With her sixth solo album, Beyoncé slays again with a captivating narrative of infidelity, revenge, and forgiveness.
Beyoncé’s sixth solo album is just stunning, and it would have been foolish to expect any less. It’s a political encapsulation of a woman’s fury at her adulterous husband, full of messages for female empowerment. Her approach to personal affairs has always been one of smiling and waving, allowing rumours surrounding her and her marriage to continue with no attempt to squash them. Her personal life is so closely guarded that Michelle Obama said she wants to be like her.
Lemonade feels like she was saving the juicy details to be released on her own terms, the way she wants it to be, after rumours spread of marital problems in 2014 and that scrap in the lift. Its first half comprises scathing attacks on Jay-Z in a completely unexpected turn of events, having kept quiet at the time to now naming “Becky with the good hair” at the end of ‘Sorry,’ reminding him that he “ain’t married to no average bitch,” and asking, “Who the fuck do you think I am?”
On a wider scale are reference to the Black Lives Matter movement throughout Lemonade – expected political, not to mention powerful. Her Super Bowl half-time performance included dancers dressed as Black Panthers. On the startlingly rocky Jack White collaboration ‘Don’t Hurt Yourself,’ Malcolm X is sampled. The mothers of Trayvon Martin, Mike Brown, and Eric Garner stare into the camera holding pictures of their deceased sons. This political spin on her second visual album following 2013’s Beyoncé, although taking a momentary backseat to her personal life as the album begins to play out, is contextualised and a welcome inclusion.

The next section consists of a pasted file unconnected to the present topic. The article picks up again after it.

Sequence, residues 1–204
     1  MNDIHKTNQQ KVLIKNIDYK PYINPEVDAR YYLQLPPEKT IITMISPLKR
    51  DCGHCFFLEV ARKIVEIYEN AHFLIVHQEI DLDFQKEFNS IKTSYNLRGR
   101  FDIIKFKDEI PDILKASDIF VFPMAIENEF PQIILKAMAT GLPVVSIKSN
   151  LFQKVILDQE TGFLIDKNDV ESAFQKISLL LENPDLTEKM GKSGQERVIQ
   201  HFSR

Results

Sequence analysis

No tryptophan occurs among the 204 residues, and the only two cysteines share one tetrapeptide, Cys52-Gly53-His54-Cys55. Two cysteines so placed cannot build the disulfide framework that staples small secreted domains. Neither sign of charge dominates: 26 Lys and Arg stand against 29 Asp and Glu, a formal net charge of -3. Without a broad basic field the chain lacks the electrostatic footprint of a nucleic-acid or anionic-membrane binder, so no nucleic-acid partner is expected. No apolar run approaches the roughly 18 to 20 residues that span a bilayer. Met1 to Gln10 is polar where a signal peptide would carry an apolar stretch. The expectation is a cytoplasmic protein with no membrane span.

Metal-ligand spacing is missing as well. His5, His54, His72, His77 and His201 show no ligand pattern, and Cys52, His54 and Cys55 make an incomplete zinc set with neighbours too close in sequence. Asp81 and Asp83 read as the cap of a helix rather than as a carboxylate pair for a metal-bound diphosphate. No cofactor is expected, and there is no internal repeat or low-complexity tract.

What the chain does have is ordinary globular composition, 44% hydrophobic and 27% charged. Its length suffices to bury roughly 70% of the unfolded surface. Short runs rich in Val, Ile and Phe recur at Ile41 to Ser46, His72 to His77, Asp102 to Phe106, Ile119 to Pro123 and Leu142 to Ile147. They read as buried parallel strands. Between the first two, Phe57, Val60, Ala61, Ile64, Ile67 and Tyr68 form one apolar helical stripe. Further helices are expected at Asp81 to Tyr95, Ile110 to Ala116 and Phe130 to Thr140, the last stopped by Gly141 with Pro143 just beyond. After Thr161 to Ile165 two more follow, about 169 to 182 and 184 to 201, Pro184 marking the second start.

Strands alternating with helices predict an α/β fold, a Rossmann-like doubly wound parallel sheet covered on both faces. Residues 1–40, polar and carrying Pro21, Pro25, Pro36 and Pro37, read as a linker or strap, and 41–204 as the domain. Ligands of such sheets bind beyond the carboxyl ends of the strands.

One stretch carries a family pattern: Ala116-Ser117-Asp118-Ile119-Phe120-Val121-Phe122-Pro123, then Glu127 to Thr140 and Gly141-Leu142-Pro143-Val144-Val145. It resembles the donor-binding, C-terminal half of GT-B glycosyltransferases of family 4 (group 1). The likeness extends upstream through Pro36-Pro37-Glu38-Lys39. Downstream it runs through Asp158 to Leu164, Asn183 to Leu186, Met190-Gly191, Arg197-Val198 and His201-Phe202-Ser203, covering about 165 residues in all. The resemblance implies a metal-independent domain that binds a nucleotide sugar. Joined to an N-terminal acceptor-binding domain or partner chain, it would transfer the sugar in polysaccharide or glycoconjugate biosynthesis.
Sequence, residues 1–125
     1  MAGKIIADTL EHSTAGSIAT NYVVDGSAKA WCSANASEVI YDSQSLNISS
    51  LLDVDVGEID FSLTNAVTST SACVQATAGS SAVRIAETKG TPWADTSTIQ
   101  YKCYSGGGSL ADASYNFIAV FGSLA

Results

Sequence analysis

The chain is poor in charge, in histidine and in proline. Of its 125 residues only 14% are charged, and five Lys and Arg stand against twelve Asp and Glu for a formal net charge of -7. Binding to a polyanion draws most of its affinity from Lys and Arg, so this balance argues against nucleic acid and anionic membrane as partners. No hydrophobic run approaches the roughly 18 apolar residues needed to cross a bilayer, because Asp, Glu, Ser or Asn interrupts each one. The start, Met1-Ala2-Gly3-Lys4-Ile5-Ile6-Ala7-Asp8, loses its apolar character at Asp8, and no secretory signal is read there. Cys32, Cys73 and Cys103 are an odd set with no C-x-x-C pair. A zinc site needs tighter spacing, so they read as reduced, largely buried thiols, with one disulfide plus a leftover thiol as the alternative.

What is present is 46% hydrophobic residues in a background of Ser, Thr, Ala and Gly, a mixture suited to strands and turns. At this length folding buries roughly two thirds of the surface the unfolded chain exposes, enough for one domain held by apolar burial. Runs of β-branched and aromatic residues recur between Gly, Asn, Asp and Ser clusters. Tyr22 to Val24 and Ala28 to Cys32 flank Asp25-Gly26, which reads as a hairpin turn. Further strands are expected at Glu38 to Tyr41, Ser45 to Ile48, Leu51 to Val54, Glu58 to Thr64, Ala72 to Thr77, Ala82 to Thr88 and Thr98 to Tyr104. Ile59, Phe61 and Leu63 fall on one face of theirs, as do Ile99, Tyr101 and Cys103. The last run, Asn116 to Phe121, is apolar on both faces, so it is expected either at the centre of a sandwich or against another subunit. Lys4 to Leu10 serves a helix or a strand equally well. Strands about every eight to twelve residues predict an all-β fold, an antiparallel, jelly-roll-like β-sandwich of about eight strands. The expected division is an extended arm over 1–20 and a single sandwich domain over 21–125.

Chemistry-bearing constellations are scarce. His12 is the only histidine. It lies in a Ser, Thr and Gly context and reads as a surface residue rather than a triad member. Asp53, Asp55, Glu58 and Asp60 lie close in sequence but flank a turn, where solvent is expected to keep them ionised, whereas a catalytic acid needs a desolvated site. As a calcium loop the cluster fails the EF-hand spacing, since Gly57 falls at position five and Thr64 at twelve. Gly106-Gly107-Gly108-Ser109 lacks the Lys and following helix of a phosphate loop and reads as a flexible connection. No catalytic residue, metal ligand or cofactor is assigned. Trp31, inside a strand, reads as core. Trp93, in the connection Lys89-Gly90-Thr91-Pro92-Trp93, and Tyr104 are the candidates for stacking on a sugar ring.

Lemonade‘s title comes from 90-year-old Hattie White, her grandmother-in-law, being a fan of the saying that as life gave her lemons, she made lemonade – a fantastic metaphor for pragmatism and female endurance. A recording of her reciting it is even weaved into ‘Freedom,’ which also sports a verse from Kendrick Lamar. The inspiration this provided for the album is clear in the inferences of infidelity laced through the songs.
The latter half depicts reconciliation, with Beyoncé’s implication being that the cycle of his infidelity can be broken with a little bit of forgiveness and perhaps the occasional reminder from a baseball bat on ‘Hold Up’ that “she don’t love you like I love you.” She makes up with the man she loves, all in time for the temporary exclusive release of the album on the streaming service his company acquired for $56 million.
Shoehorned into the centre are a few very bland moments with forgettable lyrics, particularly weak link ‘Daddy Lessons,’ but she brings it all back at the end, on penultimate track ‘All Night’ recalling, “Our love was stronger than your pride.” Still in the shockwaves of the vengeful, incredibly-satisfying-for-anyone-who’s-ever-been-cheated-on opening stanzas, its journey to forgiveness is comforting. Enjoyable and empowering despite a couple of filling stragglers, Lemonade is above all a really cohesive and well-written record.
Lemonade is out now via Parkwood Entertainment and Columbia Records